Oct. 22, 2009— -- Police in Arizona are hunting for an Iraqi-American father who they say ran over his daughter with his car to punish her for becoming "too Westernized" and rebuffing the conservative ways he valued.
Faleh Hassan Almaleki, 48, was last seen fleeing the parking lot of the Department of Economic Development in Peoria, Ariz., Tuesday after hitting his 20-year-old daughter and her boyfriend's mother with his Jeep Grand Cherokee.
Noor Faleh Almaleki is in "life-threatening condition," Peoria Police spokesman Mike Tellef told ABCNews.com today. Her boyfriend's mother, 43-year-old Amal Edan Khalaf, is also still hospitalized, but with non-life threatening injuries.
"It occured because her not following traditional family values. We've been told that by everybody," Tellef said. "He felt she was becoming too westernized and he didn't like that."
Calls to the Almaleki family weren't returned.
Noor Almaleki had backed out of an arranged marriage about a year ago, police learned, and had been living with Khalaf and her son in a nearby town.
Tellef said the young woman dressed in American clothing and was wearing typical Western attire when she was struck.
The family were all American citizens, though Tallef believes the parents were born in Iraq.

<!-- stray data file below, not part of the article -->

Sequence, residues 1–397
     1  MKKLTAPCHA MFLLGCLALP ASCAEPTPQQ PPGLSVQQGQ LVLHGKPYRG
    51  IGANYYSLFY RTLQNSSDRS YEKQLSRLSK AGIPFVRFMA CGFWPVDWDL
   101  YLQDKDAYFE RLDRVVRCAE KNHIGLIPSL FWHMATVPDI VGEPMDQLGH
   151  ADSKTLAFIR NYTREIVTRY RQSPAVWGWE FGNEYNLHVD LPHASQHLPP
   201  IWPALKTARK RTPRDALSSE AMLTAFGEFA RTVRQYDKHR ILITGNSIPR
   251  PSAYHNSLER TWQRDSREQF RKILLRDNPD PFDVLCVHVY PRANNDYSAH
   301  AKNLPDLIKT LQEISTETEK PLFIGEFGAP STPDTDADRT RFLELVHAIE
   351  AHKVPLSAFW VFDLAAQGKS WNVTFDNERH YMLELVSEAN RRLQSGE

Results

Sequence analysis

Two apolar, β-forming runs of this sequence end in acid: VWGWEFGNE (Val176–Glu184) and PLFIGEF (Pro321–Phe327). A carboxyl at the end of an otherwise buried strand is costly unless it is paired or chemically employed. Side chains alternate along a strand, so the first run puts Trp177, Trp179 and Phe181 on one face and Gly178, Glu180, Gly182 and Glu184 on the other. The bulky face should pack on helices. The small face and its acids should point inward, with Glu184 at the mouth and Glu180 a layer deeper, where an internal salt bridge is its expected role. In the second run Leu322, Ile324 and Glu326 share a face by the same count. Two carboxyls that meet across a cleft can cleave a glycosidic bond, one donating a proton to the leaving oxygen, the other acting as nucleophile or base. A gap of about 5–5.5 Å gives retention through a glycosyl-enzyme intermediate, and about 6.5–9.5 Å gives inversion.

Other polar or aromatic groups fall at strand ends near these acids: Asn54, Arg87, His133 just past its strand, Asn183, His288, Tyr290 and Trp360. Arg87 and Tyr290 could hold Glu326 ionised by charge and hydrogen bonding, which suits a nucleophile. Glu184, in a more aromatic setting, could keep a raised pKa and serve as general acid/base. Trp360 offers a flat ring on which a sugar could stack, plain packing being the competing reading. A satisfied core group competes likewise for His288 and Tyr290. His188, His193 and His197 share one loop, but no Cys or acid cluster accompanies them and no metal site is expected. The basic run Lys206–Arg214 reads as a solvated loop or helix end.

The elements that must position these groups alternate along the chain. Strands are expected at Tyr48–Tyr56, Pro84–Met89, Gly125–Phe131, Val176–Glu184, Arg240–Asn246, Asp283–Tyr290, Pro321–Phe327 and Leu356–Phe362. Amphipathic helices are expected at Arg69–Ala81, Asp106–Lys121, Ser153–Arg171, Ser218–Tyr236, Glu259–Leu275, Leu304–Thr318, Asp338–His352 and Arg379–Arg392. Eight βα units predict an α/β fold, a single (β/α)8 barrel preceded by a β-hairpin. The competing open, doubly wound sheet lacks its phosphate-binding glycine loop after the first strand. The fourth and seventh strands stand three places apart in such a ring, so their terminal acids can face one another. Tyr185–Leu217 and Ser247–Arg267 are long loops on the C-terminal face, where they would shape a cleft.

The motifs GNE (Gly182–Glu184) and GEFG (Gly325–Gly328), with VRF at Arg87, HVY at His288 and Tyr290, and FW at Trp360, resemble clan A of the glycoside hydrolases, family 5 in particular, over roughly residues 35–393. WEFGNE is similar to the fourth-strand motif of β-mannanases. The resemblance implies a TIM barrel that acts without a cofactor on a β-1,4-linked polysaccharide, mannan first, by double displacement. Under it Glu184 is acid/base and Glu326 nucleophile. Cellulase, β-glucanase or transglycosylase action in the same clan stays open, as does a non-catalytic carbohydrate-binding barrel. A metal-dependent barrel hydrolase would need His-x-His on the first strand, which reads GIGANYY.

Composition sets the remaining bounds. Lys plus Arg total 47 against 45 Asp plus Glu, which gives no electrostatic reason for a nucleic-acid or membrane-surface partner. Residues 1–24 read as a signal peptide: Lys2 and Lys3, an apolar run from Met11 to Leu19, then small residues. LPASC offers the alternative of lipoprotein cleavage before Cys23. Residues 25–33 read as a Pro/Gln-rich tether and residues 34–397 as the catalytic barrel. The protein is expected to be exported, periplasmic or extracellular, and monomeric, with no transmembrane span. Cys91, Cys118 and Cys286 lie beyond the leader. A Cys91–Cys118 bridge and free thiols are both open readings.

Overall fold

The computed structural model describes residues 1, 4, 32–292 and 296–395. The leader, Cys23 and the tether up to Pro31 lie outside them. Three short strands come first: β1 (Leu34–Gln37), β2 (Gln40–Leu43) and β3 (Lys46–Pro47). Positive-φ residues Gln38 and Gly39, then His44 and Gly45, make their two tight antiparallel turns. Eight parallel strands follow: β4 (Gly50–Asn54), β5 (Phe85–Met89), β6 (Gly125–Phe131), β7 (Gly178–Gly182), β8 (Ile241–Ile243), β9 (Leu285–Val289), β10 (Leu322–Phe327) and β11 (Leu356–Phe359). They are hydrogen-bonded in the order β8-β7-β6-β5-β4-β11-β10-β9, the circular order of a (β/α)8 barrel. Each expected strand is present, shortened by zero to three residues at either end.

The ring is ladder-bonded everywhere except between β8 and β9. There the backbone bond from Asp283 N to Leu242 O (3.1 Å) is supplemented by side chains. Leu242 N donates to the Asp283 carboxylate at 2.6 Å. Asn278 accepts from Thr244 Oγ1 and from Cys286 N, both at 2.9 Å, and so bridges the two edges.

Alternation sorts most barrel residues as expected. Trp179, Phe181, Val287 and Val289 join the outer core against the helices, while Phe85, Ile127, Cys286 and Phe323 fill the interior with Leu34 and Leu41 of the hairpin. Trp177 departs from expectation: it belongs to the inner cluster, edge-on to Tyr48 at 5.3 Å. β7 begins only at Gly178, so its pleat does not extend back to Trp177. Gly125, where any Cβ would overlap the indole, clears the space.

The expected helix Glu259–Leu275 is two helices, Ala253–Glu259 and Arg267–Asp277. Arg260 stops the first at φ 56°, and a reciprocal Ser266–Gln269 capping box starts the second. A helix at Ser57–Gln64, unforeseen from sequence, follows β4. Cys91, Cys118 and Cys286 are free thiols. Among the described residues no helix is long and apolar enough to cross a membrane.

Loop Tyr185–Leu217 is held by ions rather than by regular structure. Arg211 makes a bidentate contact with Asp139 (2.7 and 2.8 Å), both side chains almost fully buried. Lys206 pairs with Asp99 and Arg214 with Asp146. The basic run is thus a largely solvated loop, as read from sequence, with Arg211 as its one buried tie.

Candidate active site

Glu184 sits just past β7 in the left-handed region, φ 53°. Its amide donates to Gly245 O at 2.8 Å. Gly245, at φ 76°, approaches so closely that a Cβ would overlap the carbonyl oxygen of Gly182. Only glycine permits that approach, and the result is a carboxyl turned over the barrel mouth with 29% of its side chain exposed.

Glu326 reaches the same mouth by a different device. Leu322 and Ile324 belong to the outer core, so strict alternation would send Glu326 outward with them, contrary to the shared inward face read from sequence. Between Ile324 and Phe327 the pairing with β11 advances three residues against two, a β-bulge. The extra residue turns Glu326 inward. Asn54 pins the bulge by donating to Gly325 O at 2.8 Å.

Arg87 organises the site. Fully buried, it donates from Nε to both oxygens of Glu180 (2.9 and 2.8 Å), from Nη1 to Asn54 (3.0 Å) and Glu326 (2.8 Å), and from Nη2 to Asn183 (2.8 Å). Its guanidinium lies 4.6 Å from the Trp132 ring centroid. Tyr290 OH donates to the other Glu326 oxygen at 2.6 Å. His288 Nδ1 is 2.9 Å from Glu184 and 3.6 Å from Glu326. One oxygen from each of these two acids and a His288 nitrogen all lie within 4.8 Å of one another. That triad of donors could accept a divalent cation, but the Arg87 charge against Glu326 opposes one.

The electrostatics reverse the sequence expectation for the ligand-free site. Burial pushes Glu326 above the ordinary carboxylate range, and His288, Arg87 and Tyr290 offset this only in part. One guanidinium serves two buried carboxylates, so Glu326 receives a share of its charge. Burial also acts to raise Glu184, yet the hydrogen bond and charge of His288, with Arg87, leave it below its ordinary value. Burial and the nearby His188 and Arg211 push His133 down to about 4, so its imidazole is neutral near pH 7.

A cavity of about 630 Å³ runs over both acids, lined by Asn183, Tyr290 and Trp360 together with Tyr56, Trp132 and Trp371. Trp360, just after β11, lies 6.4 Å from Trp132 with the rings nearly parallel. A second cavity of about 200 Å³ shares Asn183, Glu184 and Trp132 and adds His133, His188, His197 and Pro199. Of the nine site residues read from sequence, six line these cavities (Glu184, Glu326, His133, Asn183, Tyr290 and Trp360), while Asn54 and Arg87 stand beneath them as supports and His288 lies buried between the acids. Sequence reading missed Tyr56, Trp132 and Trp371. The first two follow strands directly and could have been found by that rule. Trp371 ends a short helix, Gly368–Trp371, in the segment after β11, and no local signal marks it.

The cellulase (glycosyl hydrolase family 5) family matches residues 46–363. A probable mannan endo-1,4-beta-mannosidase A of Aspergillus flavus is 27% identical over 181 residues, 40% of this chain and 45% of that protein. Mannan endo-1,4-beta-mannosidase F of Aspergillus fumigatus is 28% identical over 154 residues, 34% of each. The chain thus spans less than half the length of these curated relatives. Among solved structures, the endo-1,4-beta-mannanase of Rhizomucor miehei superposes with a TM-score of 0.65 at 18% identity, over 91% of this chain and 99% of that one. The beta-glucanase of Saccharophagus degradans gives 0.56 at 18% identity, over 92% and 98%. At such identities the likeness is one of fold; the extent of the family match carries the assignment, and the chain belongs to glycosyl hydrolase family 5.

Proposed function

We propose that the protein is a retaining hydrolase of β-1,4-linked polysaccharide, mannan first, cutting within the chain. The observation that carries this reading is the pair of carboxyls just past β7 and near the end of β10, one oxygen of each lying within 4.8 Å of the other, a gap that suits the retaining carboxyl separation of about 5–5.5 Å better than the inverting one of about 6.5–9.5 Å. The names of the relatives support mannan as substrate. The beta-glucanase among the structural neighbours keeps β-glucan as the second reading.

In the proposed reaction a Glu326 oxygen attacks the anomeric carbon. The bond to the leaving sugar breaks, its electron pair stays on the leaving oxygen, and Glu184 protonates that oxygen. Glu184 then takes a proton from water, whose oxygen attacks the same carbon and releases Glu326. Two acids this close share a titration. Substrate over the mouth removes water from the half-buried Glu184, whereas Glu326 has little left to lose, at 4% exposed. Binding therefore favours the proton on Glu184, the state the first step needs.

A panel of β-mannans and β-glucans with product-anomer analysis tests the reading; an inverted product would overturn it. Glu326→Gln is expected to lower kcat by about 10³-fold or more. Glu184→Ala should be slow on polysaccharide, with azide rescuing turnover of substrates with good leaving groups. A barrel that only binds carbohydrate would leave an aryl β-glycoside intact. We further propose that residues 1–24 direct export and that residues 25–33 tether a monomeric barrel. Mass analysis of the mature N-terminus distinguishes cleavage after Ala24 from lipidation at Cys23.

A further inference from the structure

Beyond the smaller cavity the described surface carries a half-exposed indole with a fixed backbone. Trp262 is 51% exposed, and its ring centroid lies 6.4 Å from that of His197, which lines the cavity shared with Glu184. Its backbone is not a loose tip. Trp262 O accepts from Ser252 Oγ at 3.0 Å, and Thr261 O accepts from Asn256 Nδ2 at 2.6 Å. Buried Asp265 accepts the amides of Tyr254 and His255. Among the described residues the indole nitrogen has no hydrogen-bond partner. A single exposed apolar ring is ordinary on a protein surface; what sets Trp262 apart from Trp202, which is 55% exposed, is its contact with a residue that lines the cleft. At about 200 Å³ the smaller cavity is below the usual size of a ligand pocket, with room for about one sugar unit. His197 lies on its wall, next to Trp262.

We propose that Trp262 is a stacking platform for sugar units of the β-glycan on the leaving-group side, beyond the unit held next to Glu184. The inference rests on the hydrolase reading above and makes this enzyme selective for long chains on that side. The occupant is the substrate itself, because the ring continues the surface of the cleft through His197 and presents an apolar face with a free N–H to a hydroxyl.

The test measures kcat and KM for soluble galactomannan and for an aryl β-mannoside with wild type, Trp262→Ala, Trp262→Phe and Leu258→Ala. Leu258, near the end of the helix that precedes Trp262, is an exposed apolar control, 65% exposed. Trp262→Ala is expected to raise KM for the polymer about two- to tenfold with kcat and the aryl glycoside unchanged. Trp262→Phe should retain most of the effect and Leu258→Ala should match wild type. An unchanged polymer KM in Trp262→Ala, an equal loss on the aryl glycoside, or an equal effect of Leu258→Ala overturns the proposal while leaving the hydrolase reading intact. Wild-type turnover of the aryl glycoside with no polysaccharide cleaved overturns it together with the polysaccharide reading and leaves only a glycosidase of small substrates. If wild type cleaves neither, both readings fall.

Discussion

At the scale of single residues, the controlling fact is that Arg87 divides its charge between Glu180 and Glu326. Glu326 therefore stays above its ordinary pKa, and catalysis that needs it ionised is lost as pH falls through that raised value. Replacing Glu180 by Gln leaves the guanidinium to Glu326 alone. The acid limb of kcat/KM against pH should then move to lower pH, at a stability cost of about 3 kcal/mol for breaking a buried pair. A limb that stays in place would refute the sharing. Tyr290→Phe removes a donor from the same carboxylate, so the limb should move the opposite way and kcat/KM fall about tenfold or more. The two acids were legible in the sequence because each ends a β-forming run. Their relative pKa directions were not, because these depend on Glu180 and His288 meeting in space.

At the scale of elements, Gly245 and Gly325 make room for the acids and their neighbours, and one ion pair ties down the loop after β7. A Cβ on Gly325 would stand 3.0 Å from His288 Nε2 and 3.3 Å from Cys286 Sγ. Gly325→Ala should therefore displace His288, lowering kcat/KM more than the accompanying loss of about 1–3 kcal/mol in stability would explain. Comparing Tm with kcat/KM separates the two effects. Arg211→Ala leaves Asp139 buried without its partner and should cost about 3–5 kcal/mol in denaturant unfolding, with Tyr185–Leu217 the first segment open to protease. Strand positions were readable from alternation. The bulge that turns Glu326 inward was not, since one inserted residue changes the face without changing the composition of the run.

He said it was unclear if Faleh Almaleki intended to kill his daughter, but "it was definitely intentional that he ran them down."
Tallef declined to release the name of the hospital where Noor Almaleki was being treated while her father was still at large.
While Tellef had heard of so-called "honor killings" in other parts of the United States, this was the first such crime in Peoria.
Ibrahim Ramey, human and civil rights director for the Muslim American Society's Freedom Foundation, told ABCNews.com that whenever this type of crime involves a Muslim it can serve to elevate the fears of people who may already harbor misconceptions about Islam.
"It's reprehensible," he said of honor killings. "It's wrong."
Ramey pointed out that a verse in the Koran specifically states that there is no compulsion in religion, meaning that people can not be compelled or coerced into being Muslim or adhering to a certain set of rules.
"People have to obey or adhere to Islam ... according to the dictates of their own conscience," he said.